Ed Sheeran wins copyright trial over Marvin Gaye similarities

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A federal jury found Thursday that Ed Sheeran did not rip off Marvin Gaye’s “Let’s Get It On” with his hit “Thinking Out Loud.”

The jurors, comprised of three men and four women, deliberated for less than three hours before reaching their decision.

Since this is a bifurcated trial, meaning it is divided into the “guilt” phase and “penalty” phase, the case is over now that Sheeran has not been found liable.

The copyright lawsuit was first brought about in 2018 by the estate of the late Ed Townsend, who co-wrote the 1973 R&B classic with Gaye.

The plaintiffs claimed in the initial complaint that Sheeran, 32, and his co-writer Amy Wadge “copied and exploited, without authorization or credit,” the composition of “Let’s Get It On” by copying various elements, including the “melody, rhythms, harmonies, drums, bass line, backing chorus, tempo, syncopation and looping.”

Townsend’s daughter, Kathryn Griffin-Townsend, said of the lawsuit, “It is about today and standing up not only for my father’s work but all artists,” according to CBS.

The copyright infringement trial kicked off on April 25 in Manhattan federal court.

An attorney for Townsend’s heirs argued in his opening statement that a video of Sheeran performing a mashup of “Thinking Out Loud” and “Let’s Get It On” at one of his concerts in Zurich in 2014 was the “smoking gun” for their case.

“When someone provides you [with] a voluntary confession, believe them,” lawyer Ben Crump said. “Make no mistake about it: The evidence will show that Mr. Ed Sheeran … made a confession.”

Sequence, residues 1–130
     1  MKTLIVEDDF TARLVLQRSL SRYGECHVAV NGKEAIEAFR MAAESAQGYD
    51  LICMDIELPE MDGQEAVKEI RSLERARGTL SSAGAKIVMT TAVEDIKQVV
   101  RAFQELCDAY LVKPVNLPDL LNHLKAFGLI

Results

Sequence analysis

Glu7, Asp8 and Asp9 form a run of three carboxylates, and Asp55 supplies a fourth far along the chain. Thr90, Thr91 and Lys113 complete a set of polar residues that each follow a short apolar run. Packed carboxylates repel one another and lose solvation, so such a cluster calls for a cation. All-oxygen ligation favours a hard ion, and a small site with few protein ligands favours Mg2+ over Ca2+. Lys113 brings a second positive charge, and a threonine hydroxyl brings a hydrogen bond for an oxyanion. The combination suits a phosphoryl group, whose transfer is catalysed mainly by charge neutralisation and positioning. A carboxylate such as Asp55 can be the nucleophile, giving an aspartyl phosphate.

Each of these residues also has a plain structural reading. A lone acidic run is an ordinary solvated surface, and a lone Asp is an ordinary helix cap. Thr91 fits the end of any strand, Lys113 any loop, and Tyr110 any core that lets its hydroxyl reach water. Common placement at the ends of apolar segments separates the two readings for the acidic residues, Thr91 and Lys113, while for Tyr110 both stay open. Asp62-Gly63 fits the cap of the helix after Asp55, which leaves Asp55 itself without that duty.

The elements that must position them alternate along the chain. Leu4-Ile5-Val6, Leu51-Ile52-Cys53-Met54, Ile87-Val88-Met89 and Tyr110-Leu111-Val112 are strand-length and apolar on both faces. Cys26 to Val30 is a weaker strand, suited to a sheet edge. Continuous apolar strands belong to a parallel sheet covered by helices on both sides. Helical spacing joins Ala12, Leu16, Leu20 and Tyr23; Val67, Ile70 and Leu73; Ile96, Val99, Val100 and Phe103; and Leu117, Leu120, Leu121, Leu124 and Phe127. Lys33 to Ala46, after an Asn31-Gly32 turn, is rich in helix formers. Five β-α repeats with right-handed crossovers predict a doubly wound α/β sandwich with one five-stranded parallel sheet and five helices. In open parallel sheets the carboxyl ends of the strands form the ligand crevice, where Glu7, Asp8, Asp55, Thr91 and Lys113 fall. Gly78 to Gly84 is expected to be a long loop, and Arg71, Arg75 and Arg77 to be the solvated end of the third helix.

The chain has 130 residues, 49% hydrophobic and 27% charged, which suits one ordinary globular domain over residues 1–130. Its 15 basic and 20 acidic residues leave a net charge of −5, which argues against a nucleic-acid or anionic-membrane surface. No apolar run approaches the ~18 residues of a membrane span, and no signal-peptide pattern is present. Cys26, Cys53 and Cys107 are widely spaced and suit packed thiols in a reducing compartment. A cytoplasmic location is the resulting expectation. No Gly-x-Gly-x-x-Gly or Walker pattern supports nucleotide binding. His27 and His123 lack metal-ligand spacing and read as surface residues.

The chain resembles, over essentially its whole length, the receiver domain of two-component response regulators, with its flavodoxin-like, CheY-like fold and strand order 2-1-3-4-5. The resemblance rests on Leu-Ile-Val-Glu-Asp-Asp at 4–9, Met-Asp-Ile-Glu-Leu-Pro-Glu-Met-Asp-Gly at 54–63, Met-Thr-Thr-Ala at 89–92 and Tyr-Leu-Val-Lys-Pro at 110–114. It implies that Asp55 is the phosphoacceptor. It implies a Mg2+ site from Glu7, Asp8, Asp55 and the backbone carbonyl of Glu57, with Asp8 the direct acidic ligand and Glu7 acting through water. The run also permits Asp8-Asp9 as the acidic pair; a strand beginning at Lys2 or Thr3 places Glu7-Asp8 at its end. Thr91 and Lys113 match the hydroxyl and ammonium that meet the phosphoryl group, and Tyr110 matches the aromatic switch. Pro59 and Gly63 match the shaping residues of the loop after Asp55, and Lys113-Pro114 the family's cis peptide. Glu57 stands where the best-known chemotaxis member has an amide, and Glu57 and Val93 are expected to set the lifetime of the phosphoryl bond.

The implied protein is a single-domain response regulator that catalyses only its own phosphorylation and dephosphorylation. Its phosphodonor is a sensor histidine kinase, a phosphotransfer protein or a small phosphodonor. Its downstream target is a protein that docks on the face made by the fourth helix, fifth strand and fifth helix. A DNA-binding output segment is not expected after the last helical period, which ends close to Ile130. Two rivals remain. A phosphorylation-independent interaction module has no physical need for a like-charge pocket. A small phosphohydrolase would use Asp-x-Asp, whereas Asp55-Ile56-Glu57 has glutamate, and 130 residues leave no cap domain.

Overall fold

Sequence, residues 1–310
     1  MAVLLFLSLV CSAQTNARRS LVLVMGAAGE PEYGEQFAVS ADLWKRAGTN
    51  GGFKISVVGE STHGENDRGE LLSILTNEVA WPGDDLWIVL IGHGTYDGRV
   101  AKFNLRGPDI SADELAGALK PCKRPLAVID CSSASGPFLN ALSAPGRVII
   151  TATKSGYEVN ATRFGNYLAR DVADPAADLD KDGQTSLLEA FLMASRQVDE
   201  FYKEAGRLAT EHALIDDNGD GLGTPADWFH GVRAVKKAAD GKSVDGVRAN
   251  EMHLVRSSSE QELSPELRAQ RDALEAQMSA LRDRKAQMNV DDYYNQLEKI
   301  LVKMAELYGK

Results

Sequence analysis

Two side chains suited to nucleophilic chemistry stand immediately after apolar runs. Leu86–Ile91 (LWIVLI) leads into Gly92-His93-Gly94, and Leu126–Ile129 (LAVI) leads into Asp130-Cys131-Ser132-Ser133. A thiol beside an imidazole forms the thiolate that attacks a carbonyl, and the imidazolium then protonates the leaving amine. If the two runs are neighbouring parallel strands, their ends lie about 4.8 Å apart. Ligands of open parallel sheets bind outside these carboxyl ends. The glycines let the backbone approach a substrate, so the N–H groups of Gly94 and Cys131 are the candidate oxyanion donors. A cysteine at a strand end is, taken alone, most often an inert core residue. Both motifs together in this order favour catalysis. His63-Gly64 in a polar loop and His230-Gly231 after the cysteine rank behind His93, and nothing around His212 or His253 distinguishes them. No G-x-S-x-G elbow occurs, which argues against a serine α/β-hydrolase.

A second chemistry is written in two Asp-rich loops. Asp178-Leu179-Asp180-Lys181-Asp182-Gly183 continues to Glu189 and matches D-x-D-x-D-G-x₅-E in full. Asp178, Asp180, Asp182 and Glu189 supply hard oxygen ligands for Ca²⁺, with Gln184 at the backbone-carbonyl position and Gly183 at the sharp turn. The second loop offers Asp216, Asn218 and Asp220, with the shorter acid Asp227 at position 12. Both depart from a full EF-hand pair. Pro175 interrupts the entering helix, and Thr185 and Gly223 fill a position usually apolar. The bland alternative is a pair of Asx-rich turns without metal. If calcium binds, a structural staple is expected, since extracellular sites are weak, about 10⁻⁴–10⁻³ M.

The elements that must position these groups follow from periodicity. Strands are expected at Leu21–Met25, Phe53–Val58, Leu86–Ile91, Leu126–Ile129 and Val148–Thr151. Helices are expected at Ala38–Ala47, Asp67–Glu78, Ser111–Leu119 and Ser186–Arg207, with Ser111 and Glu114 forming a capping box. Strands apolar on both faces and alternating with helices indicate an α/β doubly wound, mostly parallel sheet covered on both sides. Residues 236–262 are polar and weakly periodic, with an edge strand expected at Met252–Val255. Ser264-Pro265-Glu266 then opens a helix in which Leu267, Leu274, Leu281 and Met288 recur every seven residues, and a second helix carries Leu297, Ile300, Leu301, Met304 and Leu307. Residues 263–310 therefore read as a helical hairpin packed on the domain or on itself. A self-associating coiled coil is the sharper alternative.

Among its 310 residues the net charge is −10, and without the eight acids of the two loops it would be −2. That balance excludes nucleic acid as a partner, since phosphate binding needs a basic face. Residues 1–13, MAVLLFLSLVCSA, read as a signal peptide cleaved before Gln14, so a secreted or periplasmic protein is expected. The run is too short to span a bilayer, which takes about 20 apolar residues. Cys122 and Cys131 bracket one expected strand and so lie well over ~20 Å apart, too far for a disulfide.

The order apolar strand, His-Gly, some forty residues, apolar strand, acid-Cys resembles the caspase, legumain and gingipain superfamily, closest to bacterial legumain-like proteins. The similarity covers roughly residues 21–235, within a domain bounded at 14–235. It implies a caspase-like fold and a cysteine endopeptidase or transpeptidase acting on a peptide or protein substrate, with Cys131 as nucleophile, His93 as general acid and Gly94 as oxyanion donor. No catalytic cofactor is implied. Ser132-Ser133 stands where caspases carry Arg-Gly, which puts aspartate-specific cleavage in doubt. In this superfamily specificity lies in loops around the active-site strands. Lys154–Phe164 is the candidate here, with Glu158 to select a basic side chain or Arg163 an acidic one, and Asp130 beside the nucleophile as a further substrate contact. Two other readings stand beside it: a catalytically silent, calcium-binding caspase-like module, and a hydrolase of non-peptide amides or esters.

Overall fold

Sheeran then took the stand that same day and rebuffed the claim that he seemingly admitted to stealing Gaye’s iconic track at one of his shows.

“If I had done what you are accusing me of doing, I would be quite an idiot to stand on a stage in front of 20,000 people and do that,” the British singer-songwriter testified.

Sheeran also argued that the chord progression in question, 1-3-4-5, is common in pop songs.

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“When you’re playing a song live and it fits in the same key, most pop songs revolve in the same three or four chords,” the “Shape of You” singer said.

This is not the first time Sheeran has been sued for allegedly copying another artist’s work.

In 2016, songwriters Martin Harrington and Thomas Leonard filed a lawsuit in which they claimed the Grammy-winning singer’s ballad “Photograph” was “verbatim, note-for-note copying” of their 2009 song “Amazing.” The suit was settled out of court.

Sheeran was then accused of “blatantly copying” Jasmine Rae’s song “When I Found You” to create “The Rest of Our Life,” which he co-wrote for Faith Hill and Tim McGraw. Per Reuters, that lawsuit was also settled.

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